Of the seven bridges that existed in the Guba region between the 17th and 19th centuries, this is the only one that still remains. This longest bridge was built in 1894 by Alexander III to strengthen Russia’s military presence in the Caucasus, replacing a wooden bridge built over the Gudialchay river in 1851. Originally, a 19-span bridge was planned. However, due to landslides during construction, lower numbers were chosen.
The bridge has 14 spans, a
total length of 275 meters, and an 8-meter width. Because of its multi-span
design, the bridge can withstand powerful massive flooding and mudflows that
raise the river’s water level. This is Azerbaijan’s only bridge of this type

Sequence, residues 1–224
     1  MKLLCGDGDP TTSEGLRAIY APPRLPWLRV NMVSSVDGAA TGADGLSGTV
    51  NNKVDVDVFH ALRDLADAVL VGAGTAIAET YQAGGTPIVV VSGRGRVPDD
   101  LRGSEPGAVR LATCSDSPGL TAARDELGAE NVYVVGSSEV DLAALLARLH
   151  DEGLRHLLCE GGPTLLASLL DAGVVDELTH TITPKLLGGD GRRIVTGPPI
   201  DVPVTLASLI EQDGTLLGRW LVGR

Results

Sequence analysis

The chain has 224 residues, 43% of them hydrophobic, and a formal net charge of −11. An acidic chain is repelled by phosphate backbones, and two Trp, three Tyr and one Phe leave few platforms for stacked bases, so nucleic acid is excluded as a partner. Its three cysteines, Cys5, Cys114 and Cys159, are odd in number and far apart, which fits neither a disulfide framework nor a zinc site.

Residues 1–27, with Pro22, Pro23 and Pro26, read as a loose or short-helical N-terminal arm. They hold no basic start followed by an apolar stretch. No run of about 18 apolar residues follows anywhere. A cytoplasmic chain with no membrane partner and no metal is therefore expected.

from the nineteenth century. The bridge is now only used by pedestrians and
offers a spectacular view of Red Village. It provides easy access to Red
Village from Nizami Park, the city’s oldest park. The bridge has been
designated as an architectural landmark by the state.
Many young Mountain Jews have
relocated to cities to further their education and learn trades. The burnt
bricks used to build the old bridge saw many changes in Red Village, from the
heyday of religious life in the early twentieth century, when the village had
13 synagogues, to the arrival of Soviet power and subsequent religious
repression, to soldiers being escorted to the front in World War II, many of
whom never returned. It has come to represent the settlement and the close ties
between two cultures: the Muslims of Guba and the Jews of Red Village.